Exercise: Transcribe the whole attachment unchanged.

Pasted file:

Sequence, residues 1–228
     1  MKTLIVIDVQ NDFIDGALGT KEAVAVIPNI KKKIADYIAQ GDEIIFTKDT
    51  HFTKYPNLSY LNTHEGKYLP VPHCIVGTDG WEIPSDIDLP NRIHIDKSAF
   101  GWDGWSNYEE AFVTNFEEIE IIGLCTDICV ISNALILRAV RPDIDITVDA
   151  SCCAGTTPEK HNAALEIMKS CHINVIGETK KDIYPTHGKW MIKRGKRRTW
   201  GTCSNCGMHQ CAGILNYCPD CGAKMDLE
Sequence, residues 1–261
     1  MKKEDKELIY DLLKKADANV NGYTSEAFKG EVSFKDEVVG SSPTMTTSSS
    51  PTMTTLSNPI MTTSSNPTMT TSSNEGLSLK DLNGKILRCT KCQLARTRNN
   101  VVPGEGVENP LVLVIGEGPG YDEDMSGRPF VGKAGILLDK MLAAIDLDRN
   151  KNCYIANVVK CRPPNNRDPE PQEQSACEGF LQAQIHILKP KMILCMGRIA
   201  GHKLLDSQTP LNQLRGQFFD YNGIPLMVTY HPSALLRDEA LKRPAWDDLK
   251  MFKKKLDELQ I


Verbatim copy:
Sequence, residues 1–228
     1  MKTLIVIDVQ NDFIDGALGT KEAVAVIPNI KKKIADYIAQ GDEIIFTKDT
    51  HFTKYPNLSY LNTHEGKYLP VPHCIVGTDG WEIPSDIDLP NRIHIDKSAF
   101  GWDGWSNYEE AFVTNFEEIE IIGLCTDICV ISNALILRAV RPDIDITVDA
   151  SCCAGTTPEK HNAALEIMKS CHINVIGETK KDIYPTHGKW MIKRGKRRTW
   201  GTCSNCGMHQ CAGILNYCPD CGAKMDLE
Sequence, residues 1–261
     1  MKKEDKELIY DLLKKADANV NGYTSEAFKG EVSFKDEVVG SSPTMTTSSS
    51  PTMTTLSNPI MTTSSNPTMT TSSNEGLSLK DLNGKILRCT KCQLARTRNN
   101  VVPGEGVENP LVLVIGEGPG YDEDMSGRPF VGKAGILLDK MLAAIDLDRN
   151  KNCYIANVVK CRPPNNRDPE PQEQSACEGF LQAQIHILKP KMILCMGRIA
   201  GHKLLDSQTP LNQLRGQFFD YNGIPLMVTY HPSALLRDEA LKRPAWDDLK
   251  MFKKKLDELQ I